Joint SHIFT & IWSF Workshop

Session 0 (Mon Oct 12, 12:55-13:00 UTC)

Quick welcome!

Session 1 (Mon Oct 12, 13:00-13:30 UTC)

Invited Keynote: Fuzzing C++ class interfaces for generating and running tests with libFuzzer

Assoc. Prof. Dr. Zoltán Porkoláb, Eötvös Loránd University (ELTE), Budapest, Hungary & Ericsson Hungary Ltd.

Abstract: Although various frameworks support the writing of unit tests, creating a well-designed effective unit test suite is still a non-trivial manual work. Imagine you want to test a class with a certain number of interface functions. Which order can we call these functions? Should we write all the combinations of all interface calls? Is there a value writing a test with calling the same methods repeatedly? Will we discover corner cases? We see that there is an explosion of the number of possible test cases with regarding all the interface operations. In this presentation we show how fuzzing can be used to automatically generate and run test cases based only on the class' interface. The prototype is available at:

Session 2 (Mon Oct 12, 13:30-14:00 UTC)

Root cause prediction based on bug reports

Thomas Hirsch and Birgit Hofer (Graz University of Technology, Austria)

Break (Mon Oct 12, 14:00-14:15 UTC)

Welcome, and Introduction to SHIFT and IWSF Workshop

Chairs and all workshop participators

Session 3 (Mon Oct 12, 14:15-14:45 UTC)

Multi-Level Execution Trace Based Lock Contention Analysis

Majid Rezazadeh (Polytechnique Montreal, Canada), Naser Ezzati Jivan (Brock University, Canada), Evan Galea (Brock University, Canada), and Michel Dagenais (Polytechniqe Montreal, Canada)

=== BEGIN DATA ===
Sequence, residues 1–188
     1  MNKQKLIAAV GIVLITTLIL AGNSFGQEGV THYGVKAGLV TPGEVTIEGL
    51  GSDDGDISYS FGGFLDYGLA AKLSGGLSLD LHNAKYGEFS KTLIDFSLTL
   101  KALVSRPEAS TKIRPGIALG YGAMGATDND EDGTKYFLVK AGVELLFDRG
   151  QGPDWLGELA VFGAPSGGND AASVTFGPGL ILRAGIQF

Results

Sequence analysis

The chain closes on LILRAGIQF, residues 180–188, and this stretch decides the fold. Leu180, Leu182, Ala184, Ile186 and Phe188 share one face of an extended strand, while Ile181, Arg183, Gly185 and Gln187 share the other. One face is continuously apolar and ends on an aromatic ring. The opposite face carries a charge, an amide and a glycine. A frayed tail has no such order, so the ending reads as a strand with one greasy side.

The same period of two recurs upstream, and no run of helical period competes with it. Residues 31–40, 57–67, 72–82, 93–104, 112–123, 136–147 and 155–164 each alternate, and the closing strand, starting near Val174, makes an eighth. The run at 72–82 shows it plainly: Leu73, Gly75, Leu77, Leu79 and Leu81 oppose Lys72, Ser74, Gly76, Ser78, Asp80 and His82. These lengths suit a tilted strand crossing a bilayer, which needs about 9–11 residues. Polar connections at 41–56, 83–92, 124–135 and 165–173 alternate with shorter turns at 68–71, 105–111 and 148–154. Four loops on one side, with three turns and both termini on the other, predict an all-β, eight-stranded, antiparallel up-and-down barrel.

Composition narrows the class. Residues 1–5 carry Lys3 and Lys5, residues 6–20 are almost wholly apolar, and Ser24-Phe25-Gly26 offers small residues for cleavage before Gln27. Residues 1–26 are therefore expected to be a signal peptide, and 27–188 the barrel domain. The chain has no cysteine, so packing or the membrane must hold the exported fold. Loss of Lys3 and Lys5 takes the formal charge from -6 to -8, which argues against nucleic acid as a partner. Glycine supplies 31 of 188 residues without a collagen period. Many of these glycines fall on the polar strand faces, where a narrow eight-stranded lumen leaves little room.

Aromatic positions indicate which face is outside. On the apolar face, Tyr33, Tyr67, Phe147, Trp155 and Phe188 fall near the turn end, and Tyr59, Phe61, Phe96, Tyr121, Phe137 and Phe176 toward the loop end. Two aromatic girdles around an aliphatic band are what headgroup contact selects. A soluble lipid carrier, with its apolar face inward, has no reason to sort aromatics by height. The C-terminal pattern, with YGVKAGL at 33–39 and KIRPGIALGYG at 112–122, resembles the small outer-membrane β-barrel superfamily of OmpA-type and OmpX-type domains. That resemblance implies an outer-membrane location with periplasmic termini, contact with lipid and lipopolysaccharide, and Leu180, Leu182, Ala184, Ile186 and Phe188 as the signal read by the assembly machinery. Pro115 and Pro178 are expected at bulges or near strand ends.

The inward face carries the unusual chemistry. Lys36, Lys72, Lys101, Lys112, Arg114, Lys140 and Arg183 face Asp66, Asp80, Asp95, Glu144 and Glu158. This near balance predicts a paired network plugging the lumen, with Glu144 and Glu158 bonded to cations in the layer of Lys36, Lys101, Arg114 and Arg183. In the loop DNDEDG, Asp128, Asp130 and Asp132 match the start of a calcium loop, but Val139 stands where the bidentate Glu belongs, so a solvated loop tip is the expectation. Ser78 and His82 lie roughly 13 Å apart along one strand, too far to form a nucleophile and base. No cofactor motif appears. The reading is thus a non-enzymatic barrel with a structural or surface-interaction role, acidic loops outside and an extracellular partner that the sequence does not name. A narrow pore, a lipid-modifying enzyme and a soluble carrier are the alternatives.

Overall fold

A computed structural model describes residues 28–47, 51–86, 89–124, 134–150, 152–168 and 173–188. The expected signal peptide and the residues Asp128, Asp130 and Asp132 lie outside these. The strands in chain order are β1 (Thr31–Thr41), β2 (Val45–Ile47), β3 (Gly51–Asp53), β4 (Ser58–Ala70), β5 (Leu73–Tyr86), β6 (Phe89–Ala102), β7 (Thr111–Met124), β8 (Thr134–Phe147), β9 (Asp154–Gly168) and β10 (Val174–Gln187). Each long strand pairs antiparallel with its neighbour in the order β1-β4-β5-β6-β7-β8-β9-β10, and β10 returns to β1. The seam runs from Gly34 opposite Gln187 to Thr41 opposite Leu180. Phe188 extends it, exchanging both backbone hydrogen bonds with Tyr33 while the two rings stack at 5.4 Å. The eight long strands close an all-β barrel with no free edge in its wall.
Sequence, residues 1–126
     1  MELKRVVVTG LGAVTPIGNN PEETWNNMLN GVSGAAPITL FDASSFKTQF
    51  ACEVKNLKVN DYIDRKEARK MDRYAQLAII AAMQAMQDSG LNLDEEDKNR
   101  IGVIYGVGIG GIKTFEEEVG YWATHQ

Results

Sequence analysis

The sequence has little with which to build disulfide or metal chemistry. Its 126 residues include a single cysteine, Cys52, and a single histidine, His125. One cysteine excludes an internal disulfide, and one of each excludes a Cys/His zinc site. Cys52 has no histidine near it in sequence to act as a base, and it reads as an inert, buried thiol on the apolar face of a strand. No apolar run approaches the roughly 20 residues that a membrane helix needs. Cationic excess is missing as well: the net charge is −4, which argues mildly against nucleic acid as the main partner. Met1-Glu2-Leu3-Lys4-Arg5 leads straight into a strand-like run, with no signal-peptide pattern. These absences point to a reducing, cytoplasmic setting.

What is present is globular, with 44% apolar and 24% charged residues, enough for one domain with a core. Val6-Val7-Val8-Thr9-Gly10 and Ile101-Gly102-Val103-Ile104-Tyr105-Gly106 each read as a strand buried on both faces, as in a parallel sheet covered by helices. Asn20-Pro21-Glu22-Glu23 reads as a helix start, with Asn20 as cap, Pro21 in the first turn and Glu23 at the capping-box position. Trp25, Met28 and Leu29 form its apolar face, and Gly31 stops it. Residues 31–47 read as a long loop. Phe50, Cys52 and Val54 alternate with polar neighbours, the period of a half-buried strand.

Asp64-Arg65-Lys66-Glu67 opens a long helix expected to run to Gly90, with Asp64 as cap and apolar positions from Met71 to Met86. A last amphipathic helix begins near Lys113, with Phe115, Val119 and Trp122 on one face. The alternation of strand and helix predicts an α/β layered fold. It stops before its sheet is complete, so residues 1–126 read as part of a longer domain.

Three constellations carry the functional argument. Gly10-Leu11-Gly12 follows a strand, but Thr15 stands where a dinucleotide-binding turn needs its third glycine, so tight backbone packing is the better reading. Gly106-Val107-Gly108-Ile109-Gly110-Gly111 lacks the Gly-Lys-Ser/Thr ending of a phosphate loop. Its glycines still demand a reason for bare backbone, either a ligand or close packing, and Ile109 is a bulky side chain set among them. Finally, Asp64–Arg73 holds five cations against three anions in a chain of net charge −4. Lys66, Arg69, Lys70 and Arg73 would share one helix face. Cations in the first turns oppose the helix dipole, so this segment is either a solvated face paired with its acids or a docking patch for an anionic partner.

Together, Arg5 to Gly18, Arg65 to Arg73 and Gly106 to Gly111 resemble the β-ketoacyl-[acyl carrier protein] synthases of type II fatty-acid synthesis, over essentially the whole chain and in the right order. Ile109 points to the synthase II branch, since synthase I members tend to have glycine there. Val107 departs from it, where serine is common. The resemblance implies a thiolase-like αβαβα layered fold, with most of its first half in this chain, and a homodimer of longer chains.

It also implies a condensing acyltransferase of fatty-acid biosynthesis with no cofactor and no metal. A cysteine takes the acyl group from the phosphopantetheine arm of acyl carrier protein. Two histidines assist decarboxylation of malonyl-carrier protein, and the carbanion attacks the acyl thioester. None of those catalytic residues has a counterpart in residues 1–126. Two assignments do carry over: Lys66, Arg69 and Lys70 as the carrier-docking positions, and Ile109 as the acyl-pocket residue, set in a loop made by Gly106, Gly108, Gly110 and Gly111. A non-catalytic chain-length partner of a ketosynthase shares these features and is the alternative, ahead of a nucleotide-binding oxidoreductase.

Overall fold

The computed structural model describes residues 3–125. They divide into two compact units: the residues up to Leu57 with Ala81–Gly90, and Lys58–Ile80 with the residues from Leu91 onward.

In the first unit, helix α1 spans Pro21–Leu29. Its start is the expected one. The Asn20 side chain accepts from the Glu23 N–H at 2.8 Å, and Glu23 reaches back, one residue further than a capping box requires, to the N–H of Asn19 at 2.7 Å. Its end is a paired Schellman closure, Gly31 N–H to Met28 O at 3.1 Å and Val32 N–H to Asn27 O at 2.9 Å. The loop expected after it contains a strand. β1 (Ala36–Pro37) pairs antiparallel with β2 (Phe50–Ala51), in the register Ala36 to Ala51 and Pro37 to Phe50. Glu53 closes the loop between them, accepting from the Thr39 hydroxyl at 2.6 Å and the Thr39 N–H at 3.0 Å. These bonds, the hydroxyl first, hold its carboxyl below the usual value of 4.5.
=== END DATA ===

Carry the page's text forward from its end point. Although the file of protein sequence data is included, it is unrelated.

Session 4 (Mon Oct 12, 14:45-15:15 UTC)

Troubleshooting in systems and in distributed systems: Tools and challenges

Dr. Simone Ferlin, Ericsson

Abstract: Moving from a monolith-based into a software-based architecture (and sometimes cloud-serviced) simplifies deployment and manageability on one side, but it also requires rethinking how developers can still troubleshoot the system, e.g. elevated access or local access to the system. In these new systems, legacy troubleshooting and performance monitoring methods need to adapt the new way software is built and deployed. In this talk, we take a small tour through troubleshooting techniques with the example of system and distributed tracing, which are both crucial for fine-grained performance analysis system performance analysis.

Break (Mon Oct 12, 15:15-15:30 UTC)

Session 5 (Mon Oct 12, 15:30-16:00 UTC)

AHPCap: A Framework for Automated Hardware Profiling and Capture of Mobile Application States

Rodger Byrd and Kristen Walcott (University of Colorado Springs, US)

Session 6 (Mon Oct 12, 16:00-16:45 UTC)

16:00-16:30 UTC Invited Keynote Finding Bugs, Fixing Bugs, Preventing Bugs — Exploiting Automated Tests to Increase Reliability

Prof. Serge Demeyer, University of Antwerpen

Abstract: With the rise of agile development, software teams all over the world embrace faster release cycles as *the* way to incorporate customer feedback into product development processes. Yet, faster release cycles imply rethinking the traditional notion of software quality: agile teams must balance reliability (minimize known defects) against agility (maximize ease of change). This talk will explore the state-of-the-art in software test automation and the opportunities this may present for maintaining this balance. We will address questions like: Will our test suite detect critical defects early? If not, how can we improve our test suite? Where should we fix a defect?

16:30-16:45 UTC Closing Discussion – All participators in workshop